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Plaid Cymru's Hywel Williams says he's disappointed with Labour MPs for failing to back his attempt to persuade a cross-party committee to criticise UK Government plans for income tax devolution.
He'd proposed an amendment to the Welsh Affairs committee's report on the draft Wales Bill which would have called for the controversial 'lockstep' form of income tax power to be abandoned. The Bill would give Welsh ministers power to vary the tax but only by changing all rates simultaneously.
The amendment failed, however, and the Arfon MP says it was a missed opportunity.
The chair of the Welsh Affairs Committee, David TC Davies, says the way Wales is funded needs to be looked at before the next UK General Election. In its latest report, the committee calls for a review of the funding formula sooner rather than later.
Although it backs the UK Government's plan to devolve some control over income tax to the Welsh Government after a referendum, the Welsh Affairs Select Committee report doesn't say what form that control should take. That's because there's sharp disagreement between and within the political parties.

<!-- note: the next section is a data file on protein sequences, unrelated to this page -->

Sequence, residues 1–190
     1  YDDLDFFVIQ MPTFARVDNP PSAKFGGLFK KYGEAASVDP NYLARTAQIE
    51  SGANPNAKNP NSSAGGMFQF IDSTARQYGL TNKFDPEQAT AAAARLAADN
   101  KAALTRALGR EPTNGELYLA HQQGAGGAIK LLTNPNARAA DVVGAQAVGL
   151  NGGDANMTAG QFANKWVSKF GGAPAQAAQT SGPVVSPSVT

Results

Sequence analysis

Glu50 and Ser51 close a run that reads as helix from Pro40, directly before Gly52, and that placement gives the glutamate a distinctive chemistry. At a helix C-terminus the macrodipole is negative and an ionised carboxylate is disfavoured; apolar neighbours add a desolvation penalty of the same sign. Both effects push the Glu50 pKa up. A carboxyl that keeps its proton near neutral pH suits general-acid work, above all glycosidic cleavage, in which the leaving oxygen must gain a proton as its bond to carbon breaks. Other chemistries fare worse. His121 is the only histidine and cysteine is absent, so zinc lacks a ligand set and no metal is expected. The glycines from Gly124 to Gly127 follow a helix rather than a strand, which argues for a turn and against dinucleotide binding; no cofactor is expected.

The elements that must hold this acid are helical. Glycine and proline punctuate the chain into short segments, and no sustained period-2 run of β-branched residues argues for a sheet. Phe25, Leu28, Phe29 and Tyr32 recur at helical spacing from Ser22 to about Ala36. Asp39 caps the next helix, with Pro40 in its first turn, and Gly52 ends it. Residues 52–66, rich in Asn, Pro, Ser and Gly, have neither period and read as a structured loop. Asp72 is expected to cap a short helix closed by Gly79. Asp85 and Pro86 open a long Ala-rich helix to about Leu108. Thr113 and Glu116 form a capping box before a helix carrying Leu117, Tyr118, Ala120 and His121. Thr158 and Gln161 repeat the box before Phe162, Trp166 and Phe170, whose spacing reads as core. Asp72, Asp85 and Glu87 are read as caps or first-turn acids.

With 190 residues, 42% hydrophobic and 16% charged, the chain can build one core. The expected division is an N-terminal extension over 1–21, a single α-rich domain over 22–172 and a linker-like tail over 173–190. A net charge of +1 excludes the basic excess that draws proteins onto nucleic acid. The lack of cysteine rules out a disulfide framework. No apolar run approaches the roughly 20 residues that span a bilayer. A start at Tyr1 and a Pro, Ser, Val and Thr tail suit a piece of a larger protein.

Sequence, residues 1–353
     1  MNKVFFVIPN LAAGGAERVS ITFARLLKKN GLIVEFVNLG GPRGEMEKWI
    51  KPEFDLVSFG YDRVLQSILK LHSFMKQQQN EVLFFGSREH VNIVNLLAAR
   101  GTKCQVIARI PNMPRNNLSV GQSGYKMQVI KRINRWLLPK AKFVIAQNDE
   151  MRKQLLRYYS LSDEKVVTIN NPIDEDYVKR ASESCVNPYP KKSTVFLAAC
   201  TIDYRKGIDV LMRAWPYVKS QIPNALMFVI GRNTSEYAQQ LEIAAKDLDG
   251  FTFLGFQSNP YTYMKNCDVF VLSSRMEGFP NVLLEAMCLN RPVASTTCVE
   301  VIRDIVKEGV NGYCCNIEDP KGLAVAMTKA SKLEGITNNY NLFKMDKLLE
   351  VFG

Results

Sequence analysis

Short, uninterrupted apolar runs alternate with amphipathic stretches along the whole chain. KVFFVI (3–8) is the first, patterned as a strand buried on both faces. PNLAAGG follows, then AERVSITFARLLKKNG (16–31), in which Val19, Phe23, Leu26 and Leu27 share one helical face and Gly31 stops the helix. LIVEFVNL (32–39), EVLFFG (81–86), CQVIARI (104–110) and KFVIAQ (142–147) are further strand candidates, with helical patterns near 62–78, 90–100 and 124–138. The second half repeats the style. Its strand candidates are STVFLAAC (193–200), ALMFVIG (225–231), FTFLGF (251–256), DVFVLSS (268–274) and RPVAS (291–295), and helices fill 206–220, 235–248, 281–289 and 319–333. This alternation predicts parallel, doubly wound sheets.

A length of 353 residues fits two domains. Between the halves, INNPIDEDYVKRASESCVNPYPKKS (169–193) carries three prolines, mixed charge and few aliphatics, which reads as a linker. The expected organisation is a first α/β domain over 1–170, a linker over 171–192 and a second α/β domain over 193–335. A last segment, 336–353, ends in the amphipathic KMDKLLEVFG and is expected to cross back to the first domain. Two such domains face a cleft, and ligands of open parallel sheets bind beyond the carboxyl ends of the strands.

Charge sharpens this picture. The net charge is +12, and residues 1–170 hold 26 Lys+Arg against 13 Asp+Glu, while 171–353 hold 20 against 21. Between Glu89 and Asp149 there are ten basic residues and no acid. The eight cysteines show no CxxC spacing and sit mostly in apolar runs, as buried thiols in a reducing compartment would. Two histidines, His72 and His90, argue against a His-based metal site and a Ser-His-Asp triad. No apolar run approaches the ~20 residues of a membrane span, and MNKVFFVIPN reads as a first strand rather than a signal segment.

The draft Wales Bill would give the Welsh Government the power to vary income tax by up to 10p but only by altering all three rates at the same time. This is what's known as 'lockstep' and critics say it would be so unwieldy that in practice it would be unlikely ever to be used.
But the chair of the committee, David Davies, says it would still be a significant change to the financial powers and responsibility of the Welsh Government.
A cross-party group of Welsh MPs has backed UK Government plans to transfer some control over income tax to the Welsh Government. But the Welsh Affairs Select Committee says that should only happen if the people of Wales vote for the change in a referendum.
In its report on the draft Wales Bill the committee also says it has 'sympathy' with the view that the way UK funds are allocated to Wales should be changed before any transfer of income tax powers. It says the formula used should be reviewed before the next UK General Election in 2015.
Another of the Bill's aims is also criticised. The committee says that instead of imposing five-year terms on the Assembly, the power to decide that should be devolved to Cardiff Bay.